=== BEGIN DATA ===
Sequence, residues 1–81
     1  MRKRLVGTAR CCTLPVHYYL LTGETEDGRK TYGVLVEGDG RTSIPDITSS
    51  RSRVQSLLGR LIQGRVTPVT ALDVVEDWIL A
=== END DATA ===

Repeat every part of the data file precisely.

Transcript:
Sequence, residues 1–81
     1  MRKRLVGTAR CCTLPVHYYL LTGETEDGRK TYGVLVEGDG RTSIPDITSS
    51  RSRVQSLLGR LIQGRVTPVT ALDVVEDWIL A